AP News

German lawmaker urges Russia to end crackdown


MOSCOW (AP) — A senior German lawmaker urged Russia on Wednesday to end its crackdown on civil society ahead of talks between the two countries' leaders.

Andreas Schockenhoff, a member of Chancellor Angela Merkel's party, told The Associated Press on Wednesday that the Kremlin's moves "intimidate the engagement of active, creative citizens instead of encouraging them."

Schockenhoff, who is also the German envoy overseeing contacts between Russian and German civil societies, urged President Vladimir Putin to "allow NGOs to have a public debate, a public competition of opinions about the future of the country."

"(They) are not a threat to the Russian state," he told the AP. "We see more and more suspicion against contacts with foreigners, and I think that isolates Russia."

Germany is Russia's major trade partner, and Merkel has faced pressure at home and abroad to focus more closely on Russia's worsening human rights situation.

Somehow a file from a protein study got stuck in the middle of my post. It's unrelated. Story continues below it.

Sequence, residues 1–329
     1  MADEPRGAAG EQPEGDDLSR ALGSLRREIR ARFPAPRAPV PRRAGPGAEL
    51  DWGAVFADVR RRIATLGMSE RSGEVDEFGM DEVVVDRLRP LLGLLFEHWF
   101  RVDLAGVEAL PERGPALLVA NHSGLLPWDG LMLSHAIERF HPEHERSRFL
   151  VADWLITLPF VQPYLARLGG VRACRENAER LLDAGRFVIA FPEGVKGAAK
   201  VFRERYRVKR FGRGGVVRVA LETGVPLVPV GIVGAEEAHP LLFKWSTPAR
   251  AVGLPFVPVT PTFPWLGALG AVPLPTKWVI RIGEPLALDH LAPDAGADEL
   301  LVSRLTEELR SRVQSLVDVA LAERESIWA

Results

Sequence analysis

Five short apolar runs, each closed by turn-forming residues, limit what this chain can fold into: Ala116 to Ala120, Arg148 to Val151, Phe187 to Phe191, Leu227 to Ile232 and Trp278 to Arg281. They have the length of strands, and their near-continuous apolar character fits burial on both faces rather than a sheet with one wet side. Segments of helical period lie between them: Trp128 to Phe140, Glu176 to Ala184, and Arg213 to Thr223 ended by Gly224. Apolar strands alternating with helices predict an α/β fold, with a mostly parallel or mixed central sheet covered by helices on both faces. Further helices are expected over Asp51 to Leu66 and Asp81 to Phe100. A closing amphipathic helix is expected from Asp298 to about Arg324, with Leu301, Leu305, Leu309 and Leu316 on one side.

Germany's parliament last week passed a resolution penned by Schockenhoff that urged Merkel to raise concerns about human rights in Russia at her meeting Friday with Putin. The move, which linked Russia's rollback on democratic freedoms to Putin's return to the Kremlin in May, has angered Moscow, and prompted the Russian foreign ministry to accuse Schockenhoff of making defamatory comments.

The Human Rights Watch group issued a similar appeal to Merkel, saying "there has never been a more important time to put human rights front and center of Germany's relationship with Russia."

Russia is hoping that Germany, which is involved in a number of lucrative joint energy projects with Russia, could help the country modernize its economy by sharing technology and bringing investment to Russia.

Schockenhoff, however, said for Germany "modernization is more than technological innovation," adding that Berlin views a respect for human rights as important as economic ties.

"Modernization is comprehensive: it must address questions of the rule of law, competition of opinions, freedom of expression," Schockenhoff said.


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